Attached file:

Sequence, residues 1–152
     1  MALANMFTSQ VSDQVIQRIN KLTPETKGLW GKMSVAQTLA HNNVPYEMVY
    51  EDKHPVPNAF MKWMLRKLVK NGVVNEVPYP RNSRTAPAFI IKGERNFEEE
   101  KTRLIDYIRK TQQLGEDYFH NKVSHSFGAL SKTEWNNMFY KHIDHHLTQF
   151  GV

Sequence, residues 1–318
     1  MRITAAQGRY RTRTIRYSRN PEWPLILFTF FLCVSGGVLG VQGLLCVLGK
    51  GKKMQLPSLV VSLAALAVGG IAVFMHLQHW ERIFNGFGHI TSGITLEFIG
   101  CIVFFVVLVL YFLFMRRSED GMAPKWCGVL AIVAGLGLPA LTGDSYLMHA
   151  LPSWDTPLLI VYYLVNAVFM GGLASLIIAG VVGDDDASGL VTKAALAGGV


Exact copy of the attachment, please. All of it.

Sequence, residues 1–152
     1  MALANMFTSQ VSDQVIQRIN KLTPETKGLW GKMSVAQTLA HNNVPYEMVY
    51  EDKHPVPNAF MKWMLRKLVK NGVVNEVPYP RNSRTAPAFI IKGERNFEEE
   101  KTRLIDYIRK TQQLGEDYFH NKVSHSFGAL SKTEWNNMFY KHIDHHLTQF
   151  GV

Sequence, residues 1–318
     1  MRITAAQGRY RTRTIRYSRN PEWPLILFTF FLCVSGGVLG VQGLLCVLGK
    51  GKKMQLPSLV VSLAALAVGG IAVFMHLQHW ERIFNGFGHI TSGITLEFIG
   101  CIVFFVVLVL YFLFMRRSED GMAPKWCGVL AIVAGLGLPA LTGDSYLMHA
   151  LPSWDTPLLI VYYLVNAVFM GGLASLIIAG VVGDDDASGL VTKAALAGGV